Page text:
Deborah Hughes shares an experience that aside from the humbling, taught her much about herself and the tools and preparation needed to keep her safe when hiking alone
The desert is a land of extremes. Miles of parched, dusty dunes interrupted by vertical sandstone walls can shape-shift in an instant when a microburst storm turns dry washes into rivers. Blistering heat dries the receding waters and quicksand into ridged mud flats. In winter, canyons hold the cold with morning fog coating every surface with the promise of an ass-over-teakettle trip. It is these wild and varying weather patterns and the remnants of their impact that lure the wandering photographer to the desert’s bed.
To be taken in by the light and novel scenes afforded on a trek into southern Utah's backcountry is easy. With or without a camera, the experience of travelling on foot down steep rock falls and across open mesas with few trails or footprints connects one’s humanity with the earth and other living species in ways most never experience. There are growing numbers who visit wild places however, and along with pressure from those desiring motorized access and new roads cut through the middle of nowhere for the extraction of oil and gas resources, the photograph is quickly becoming an historical document of landscapes lost. What most viewers fail to see in the recent photograph of dreamy light rays streaming into Antelope Canyon in Arizona, purportedly sold for $6.5 million, is the …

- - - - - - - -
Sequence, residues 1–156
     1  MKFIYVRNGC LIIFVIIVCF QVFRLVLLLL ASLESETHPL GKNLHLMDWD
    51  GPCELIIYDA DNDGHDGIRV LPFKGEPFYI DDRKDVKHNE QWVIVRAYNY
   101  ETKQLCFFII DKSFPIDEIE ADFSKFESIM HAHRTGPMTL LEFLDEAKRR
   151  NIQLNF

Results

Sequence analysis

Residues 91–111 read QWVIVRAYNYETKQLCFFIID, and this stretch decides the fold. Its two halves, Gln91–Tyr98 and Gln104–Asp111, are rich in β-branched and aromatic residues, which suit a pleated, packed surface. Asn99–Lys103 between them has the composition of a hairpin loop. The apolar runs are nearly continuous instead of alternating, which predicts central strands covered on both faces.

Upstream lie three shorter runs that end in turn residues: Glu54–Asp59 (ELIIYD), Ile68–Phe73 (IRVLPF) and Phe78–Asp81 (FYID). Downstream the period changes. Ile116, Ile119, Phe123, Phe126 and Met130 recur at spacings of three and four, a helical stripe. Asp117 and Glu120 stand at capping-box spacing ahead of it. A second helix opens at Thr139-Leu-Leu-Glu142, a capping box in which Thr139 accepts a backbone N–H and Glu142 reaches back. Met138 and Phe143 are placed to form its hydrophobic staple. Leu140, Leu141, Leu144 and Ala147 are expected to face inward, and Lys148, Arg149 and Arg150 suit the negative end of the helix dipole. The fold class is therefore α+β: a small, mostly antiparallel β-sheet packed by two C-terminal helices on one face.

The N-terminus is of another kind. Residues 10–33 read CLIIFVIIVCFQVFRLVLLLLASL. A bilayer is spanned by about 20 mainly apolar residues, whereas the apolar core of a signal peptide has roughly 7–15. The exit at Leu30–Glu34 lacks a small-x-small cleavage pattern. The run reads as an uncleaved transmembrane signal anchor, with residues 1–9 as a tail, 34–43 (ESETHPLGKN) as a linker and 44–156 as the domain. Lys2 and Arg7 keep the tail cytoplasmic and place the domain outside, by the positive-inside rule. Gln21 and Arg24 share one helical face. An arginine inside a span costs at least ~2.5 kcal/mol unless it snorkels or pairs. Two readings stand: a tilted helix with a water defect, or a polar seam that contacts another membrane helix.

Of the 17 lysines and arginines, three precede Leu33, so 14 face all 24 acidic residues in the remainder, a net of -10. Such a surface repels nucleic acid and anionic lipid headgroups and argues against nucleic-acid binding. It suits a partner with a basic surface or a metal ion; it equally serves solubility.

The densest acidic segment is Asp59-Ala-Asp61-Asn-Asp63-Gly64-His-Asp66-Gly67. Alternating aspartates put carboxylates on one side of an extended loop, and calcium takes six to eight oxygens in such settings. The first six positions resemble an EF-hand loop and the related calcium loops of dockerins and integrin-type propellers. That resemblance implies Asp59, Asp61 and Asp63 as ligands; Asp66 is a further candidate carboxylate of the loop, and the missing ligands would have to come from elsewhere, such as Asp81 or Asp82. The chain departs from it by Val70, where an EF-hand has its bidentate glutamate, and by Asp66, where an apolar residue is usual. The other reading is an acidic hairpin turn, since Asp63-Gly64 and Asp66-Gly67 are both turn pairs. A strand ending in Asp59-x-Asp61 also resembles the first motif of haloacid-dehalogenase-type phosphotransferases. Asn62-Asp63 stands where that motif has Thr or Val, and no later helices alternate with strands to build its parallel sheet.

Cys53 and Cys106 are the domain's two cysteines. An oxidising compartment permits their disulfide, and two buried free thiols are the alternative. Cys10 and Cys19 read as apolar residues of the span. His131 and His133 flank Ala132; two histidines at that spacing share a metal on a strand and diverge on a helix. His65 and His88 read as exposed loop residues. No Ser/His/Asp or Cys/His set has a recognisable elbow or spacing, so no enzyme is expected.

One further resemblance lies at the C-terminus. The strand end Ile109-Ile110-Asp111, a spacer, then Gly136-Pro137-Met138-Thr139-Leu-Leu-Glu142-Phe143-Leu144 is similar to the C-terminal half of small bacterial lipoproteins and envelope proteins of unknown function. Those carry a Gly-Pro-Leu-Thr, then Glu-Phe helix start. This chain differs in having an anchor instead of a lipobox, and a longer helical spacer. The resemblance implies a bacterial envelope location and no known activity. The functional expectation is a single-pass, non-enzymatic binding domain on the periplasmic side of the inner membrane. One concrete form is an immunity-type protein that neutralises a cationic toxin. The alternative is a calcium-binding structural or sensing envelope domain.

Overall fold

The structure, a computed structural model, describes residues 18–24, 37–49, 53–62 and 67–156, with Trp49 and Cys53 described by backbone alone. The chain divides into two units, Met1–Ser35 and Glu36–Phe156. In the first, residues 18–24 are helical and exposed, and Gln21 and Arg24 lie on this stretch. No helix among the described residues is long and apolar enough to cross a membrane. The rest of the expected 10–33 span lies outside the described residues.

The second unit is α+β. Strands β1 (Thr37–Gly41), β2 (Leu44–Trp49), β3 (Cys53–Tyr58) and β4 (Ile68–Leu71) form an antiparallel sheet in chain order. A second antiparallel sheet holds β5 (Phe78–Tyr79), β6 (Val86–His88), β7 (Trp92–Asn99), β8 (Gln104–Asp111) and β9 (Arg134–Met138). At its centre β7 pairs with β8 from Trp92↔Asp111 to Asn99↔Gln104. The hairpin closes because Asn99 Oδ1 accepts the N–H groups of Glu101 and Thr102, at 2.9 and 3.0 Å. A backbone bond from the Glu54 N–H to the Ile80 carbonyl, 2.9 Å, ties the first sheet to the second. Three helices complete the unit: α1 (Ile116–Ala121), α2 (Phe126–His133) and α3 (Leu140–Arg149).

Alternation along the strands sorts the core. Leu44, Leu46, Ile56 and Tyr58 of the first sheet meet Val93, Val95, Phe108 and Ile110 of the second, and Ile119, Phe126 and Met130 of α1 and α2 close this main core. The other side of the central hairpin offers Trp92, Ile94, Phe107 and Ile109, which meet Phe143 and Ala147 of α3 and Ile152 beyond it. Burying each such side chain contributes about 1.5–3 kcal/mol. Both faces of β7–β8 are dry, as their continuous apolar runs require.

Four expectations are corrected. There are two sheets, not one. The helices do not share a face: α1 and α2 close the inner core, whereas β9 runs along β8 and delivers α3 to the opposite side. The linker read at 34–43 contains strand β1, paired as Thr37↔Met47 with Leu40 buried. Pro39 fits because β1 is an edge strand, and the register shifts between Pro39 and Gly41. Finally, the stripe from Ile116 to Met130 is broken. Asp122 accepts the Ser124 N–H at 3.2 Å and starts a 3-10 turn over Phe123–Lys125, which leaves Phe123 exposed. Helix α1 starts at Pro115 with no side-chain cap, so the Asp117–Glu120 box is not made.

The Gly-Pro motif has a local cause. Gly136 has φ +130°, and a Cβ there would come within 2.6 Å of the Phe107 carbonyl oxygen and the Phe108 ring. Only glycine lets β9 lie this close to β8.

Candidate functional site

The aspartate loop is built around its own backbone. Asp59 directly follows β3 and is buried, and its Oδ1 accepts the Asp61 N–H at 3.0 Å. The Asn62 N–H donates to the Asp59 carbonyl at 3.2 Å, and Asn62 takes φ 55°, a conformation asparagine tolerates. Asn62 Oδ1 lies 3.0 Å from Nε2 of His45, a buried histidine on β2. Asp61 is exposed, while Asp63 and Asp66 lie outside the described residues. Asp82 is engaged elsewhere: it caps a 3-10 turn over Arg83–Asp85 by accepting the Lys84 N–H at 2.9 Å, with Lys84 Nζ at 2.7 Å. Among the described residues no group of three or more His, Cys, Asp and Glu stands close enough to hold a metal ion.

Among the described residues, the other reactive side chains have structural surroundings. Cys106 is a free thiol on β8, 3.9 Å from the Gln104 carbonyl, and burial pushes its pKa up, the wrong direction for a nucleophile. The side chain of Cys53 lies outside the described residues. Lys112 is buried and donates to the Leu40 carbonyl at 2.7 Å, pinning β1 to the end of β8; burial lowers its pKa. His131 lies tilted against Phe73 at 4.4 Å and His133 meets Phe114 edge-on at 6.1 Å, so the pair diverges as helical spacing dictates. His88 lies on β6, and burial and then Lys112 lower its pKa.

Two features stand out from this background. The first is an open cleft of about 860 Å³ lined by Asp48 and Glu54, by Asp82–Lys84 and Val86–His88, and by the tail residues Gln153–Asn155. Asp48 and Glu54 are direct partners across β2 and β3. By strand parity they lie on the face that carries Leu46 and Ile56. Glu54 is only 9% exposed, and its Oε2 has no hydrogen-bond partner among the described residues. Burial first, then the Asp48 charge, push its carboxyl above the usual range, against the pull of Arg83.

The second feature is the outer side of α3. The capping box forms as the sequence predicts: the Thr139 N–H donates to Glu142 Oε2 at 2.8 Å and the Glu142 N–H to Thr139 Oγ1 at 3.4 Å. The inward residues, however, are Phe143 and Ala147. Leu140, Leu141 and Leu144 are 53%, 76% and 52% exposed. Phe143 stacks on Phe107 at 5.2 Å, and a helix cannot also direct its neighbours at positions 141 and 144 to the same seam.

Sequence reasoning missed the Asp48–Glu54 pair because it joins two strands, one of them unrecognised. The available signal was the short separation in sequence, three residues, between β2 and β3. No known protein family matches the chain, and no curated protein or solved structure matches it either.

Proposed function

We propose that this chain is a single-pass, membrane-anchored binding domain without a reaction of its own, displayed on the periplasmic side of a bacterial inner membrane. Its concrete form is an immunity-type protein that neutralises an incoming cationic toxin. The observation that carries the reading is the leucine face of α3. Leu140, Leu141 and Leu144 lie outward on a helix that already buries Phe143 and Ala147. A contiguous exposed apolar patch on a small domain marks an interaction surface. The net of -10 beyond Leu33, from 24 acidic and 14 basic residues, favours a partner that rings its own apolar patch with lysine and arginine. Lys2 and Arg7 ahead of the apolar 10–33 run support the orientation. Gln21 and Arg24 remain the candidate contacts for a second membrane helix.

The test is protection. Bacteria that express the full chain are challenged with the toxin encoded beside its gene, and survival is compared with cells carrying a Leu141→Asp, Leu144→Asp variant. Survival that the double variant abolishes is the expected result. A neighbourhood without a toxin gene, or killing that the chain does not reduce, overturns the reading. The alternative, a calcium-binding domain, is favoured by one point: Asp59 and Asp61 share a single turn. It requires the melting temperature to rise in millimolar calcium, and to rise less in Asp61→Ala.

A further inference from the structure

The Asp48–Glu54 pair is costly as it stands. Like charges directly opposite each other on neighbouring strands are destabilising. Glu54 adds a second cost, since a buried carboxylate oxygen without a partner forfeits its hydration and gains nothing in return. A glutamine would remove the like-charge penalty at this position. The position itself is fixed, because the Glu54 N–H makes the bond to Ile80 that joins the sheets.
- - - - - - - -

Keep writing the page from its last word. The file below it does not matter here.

Read this and many more articles in High Definition inside Issue 52 of Landscape Photography Magazine.